The number of households and people in Uruguay that fell below the poverty line has increased dramatically during April, a study released Saturday by the country's Institute of Economics (IECON) revealed.
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Based on data from the South American country’s Continuous Household Survey, the researchers who conducted the report analyzed the effects caused by the sending to unemployment insurance of some 140,000 formal workers, the loss of employment and income for informal workers, and self-employed workers and the main measures deployed by the government to mitigate the consequences of the new coronavirus pandemic.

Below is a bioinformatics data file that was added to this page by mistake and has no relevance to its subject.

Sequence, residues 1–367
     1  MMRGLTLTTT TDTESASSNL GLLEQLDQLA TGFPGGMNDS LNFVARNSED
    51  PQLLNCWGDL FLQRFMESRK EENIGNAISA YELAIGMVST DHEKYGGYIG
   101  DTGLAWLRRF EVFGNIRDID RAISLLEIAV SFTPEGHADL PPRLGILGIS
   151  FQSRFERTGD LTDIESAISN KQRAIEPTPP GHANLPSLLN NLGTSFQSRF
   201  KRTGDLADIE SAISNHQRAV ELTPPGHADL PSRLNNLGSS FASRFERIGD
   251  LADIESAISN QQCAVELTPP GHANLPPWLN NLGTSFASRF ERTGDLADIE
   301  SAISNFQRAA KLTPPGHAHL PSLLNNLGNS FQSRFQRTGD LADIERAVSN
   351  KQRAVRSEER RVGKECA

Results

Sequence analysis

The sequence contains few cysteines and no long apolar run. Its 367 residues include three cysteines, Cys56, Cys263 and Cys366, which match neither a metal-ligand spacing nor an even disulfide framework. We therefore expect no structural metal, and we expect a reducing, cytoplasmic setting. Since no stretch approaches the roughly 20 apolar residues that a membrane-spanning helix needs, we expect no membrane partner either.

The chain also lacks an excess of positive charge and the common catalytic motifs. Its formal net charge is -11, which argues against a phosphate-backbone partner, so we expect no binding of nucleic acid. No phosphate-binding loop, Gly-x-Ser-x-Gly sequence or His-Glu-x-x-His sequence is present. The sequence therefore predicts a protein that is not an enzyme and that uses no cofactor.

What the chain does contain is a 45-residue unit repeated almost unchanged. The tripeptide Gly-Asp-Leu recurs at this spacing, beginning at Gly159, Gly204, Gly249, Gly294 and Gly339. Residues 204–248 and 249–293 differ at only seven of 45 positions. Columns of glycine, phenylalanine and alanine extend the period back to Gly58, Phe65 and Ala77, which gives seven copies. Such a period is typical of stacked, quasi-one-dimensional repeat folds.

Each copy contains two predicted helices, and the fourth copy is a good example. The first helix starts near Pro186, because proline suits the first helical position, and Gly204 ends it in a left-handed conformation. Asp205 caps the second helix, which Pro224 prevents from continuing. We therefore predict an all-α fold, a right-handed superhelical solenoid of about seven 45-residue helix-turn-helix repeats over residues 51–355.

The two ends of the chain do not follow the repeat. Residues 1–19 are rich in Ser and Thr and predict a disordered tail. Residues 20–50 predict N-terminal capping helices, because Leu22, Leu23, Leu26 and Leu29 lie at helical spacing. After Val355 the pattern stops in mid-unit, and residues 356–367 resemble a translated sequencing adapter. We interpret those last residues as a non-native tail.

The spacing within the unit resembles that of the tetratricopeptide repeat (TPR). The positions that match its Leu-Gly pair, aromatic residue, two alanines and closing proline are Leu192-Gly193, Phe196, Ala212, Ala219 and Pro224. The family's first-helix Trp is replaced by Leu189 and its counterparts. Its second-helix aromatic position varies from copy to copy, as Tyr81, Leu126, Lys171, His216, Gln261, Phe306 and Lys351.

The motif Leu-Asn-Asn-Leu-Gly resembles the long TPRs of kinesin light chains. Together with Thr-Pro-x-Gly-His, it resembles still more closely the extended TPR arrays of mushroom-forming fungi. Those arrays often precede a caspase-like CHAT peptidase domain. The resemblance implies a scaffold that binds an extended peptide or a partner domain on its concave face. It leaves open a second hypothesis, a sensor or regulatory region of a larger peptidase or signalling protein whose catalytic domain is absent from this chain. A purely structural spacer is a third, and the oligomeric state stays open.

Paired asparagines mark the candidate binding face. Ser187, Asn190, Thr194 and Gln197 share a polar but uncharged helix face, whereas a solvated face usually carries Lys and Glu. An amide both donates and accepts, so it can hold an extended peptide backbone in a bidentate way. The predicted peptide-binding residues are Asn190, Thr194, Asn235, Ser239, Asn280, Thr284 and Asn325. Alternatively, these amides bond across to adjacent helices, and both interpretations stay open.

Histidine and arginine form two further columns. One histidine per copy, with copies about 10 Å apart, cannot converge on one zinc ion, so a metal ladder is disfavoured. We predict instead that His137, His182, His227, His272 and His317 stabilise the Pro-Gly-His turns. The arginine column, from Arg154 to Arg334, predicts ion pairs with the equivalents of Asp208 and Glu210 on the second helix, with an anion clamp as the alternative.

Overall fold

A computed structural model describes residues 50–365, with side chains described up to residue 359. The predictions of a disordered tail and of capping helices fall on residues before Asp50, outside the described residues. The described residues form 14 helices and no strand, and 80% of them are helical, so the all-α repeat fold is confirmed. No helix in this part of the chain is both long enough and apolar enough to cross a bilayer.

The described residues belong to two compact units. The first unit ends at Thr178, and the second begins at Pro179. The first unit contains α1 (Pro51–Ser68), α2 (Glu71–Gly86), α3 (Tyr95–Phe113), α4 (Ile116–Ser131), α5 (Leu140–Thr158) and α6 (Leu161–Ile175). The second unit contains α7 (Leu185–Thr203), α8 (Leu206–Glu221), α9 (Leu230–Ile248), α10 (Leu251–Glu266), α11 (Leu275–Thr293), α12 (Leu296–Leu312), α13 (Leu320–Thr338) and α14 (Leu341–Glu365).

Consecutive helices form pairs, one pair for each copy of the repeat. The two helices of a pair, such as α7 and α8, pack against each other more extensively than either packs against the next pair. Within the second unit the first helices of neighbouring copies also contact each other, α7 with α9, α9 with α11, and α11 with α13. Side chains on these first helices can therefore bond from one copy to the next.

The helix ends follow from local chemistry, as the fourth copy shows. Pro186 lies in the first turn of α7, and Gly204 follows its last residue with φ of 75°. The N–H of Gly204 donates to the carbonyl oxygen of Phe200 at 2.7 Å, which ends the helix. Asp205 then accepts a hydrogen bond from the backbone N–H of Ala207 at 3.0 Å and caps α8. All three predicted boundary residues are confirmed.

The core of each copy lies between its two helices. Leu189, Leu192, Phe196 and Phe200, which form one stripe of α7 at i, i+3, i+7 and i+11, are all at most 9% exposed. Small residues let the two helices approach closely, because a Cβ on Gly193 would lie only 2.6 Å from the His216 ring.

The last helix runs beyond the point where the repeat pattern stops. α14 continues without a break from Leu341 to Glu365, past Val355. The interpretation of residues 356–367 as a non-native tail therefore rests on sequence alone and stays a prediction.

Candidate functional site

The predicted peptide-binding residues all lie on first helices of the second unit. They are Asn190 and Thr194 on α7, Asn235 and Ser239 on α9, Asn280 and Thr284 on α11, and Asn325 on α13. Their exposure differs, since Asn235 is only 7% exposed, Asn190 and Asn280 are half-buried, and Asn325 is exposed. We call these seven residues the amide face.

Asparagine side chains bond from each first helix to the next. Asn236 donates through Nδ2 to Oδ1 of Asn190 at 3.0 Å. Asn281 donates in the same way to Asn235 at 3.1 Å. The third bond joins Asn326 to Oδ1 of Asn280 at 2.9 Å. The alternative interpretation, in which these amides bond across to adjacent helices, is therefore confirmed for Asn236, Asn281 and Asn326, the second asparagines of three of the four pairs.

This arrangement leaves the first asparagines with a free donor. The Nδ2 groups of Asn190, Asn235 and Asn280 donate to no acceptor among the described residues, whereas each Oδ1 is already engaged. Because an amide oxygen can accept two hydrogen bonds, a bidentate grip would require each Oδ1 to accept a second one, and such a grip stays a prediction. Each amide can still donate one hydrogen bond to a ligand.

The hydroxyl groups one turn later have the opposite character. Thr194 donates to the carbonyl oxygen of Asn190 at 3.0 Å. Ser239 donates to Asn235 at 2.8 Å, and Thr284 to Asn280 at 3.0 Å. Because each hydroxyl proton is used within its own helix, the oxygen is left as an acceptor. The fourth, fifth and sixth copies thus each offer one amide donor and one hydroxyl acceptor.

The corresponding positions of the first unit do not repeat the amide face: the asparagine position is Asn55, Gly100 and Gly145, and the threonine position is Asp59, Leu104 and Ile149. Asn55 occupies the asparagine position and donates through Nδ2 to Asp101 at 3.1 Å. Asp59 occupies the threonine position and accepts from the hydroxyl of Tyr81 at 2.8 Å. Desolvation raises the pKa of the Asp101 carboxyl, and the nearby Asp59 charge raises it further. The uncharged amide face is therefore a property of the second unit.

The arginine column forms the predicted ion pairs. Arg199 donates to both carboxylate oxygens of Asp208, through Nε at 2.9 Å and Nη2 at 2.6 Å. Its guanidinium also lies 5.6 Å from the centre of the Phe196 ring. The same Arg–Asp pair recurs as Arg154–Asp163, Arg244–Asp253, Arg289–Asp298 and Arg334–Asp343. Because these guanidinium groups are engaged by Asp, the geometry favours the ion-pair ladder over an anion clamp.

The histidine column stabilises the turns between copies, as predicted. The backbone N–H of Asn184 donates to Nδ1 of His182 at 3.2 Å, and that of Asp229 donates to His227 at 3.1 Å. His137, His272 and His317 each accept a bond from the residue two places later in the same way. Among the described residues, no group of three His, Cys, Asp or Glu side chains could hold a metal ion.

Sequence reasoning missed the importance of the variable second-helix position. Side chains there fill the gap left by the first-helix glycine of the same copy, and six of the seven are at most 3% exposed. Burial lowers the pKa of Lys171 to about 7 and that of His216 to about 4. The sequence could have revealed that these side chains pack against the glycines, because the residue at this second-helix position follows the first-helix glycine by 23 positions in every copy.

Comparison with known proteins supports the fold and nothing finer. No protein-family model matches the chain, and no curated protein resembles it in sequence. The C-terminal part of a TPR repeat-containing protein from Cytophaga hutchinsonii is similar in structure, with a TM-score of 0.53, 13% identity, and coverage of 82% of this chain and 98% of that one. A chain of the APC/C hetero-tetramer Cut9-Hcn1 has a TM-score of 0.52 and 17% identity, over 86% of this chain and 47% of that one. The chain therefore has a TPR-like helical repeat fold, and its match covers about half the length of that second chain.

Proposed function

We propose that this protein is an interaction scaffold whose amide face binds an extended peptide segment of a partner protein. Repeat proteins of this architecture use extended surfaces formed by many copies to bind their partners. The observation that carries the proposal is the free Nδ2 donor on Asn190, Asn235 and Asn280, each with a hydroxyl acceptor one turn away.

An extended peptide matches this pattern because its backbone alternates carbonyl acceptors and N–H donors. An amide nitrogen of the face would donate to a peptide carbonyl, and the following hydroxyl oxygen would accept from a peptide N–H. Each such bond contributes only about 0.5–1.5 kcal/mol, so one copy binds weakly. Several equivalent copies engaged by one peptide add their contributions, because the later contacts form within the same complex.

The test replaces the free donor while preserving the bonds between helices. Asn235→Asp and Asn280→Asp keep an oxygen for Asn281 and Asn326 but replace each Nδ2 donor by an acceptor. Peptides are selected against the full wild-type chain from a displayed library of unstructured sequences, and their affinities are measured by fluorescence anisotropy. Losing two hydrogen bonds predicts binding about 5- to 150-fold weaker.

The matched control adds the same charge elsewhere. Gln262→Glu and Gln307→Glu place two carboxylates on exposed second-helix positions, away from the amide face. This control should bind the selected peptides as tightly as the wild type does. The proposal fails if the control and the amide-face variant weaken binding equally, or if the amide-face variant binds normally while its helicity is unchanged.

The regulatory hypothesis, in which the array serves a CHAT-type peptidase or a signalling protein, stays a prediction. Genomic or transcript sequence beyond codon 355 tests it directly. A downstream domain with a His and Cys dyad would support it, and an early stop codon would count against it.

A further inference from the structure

According to the research findings, the incidence of poverty has increased significantly to almost 12 percent (an increase of three points) in April, which means that between 94,000 and 127,000 people fell below the poverty line within said period of time.
The increase in poverty could be "eased" and even "neutralized" by means of monetary transfers, according to the researchers.
"We estimate that maintaining poverty at 2019 levels implies one additional billion pesos per month (US$22 million). Developing this policy for one year represents an annual cost of 0.44 percent of the GDP of 2019," concluded the economists.